So, in a nutshell, I’m asserting that having a belief in God, kills God. You might argue that one must believe that there is a God in order to experience God. I’m asserting that you must not have beliefs about God if you are to ever experience Him. [Please note the difference. It’s not the believing in God that causes the problem. It’s your beliefs about God that can interfere with your actual experience(s) of Him.] Do you believe in human beings? (I’m assuming that you answered that question affirmatively.) The thing is, you’ve experienced human beings directly – you know them and you know that they exist. Therefore, your beliefs about human beings are totally unnecessary.

You can have a belief about God. But, then if you were to experience God; I mean really, really experience Him, you’d probably find it difficult to come up with a single, worthwhile belief about what you’ve experienced. I’m asserting that what you would experience as God would far surpass anything that you could every come up with simply as a belief. Just like a route on a map, a belief may provide you direction to get to somewhere or something, but to actually experience that thing, you must not be tied to the belief – you must only allow it as a pointer.

The greatest roadblock to having the experience of something in our lives is the acquisition of knowledge about that thing.

As an example, the more that you know about God, the less you will be able to experience him. The more insight you have into me, the lesser your experience of me will be – if at all.

I realize that sounds like a bold statement but here’s the thing. As human beings, we want to put things in a box; label things if you will. The more we know about something, the more confined the box gets. We narrow the walls, the ceiling, the width, all in an effort to categorize that thing. In all our work to define and distinguish that thing, what we’re really doing is diminishing it.

As human beings, we listen to others and we view their actions through filters. The filters we listen through are those we put in place based on the information we have acquired about others. For example: if I know from past experience, that my mom has never ventured out into water – whether to swim or boat – I might make that mean that my mother has a fear of water. This could be the case or it might not be. If I don’t ask her, or she doesn’t specifically tell me the reason, all that I know is nothing. What I think I know is simply made up. Yet, because I’ve made up this meaning or story, I listen to my mom through the filter, “my mom doesn’t like water” OR “my mom has a fear of water. Therefore, when my mom & dad come to visit me on the West Coast, I never schedule any activities around water since I “know” that my mom has a fear of water.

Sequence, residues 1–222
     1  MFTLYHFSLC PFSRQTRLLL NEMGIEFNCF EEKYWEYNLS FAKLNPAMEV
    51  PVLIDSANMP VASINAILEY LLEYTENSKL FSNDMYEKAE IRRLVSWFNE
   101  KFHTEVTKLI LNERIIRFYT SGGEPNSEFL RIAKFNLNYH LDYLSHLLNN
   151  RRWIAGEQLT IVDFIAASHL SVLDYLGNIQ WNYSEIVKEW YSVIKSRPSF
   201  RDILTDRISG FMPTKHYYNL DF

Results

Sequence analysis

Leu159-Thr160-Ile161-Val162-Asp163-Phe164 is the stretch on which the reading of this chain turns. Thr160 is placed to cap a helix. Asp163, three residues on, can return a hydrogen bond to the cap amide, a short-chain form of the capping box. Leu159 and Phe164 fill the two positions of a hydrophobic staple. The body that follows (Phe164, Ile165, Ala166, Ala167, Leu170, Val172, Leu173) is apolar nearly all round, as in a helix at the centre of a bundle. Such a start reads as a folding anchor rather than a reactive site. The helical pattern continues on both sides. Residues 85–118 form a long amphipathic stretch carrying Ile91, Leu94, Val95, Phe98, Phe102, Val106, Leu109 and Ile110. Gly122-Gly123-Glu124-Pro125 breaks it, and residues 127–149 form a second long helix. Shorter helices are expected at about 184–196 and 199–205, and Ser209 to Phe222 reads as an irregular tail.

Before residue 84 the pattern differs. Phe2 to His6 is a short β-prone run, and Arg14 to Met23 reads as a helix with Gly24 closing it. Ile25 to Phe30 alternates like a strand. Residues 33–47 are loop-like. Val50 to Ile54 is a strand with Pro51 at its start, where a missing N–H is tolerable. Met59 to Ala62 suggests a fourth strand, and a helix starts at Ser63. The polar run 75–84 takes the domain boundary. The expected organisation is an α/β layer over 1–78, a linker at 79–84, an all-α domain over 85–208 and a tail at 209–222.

What is true here is that my mom watched her father and brother-in-law both die in a double-drowning in a river where her family was swimming. My mother was four years old at the time. While she never learned to swim, my mom loves to be in and on the water. Does she have some fear around water? Probably. Does it stop her? Definitely not!

What’s in play here is that if I don’t allow people to be who they are, without listening to them through the filters I’ve put in place (or, in other words, without giving up my knowledge and understands and beliefs of them), I will never have the full experience of who they are. Also, my filters won’t allow for people to have room to change or grow. Therefore, I could never experience my mom as someone who enjoys being on the water. In fact, I wouldn’t experience her at all in that capacity. I would only “know” her as the story I invented in my head. My “knowing” will always diminish her and it will entirely prevent me from experiencing her for who she truly is.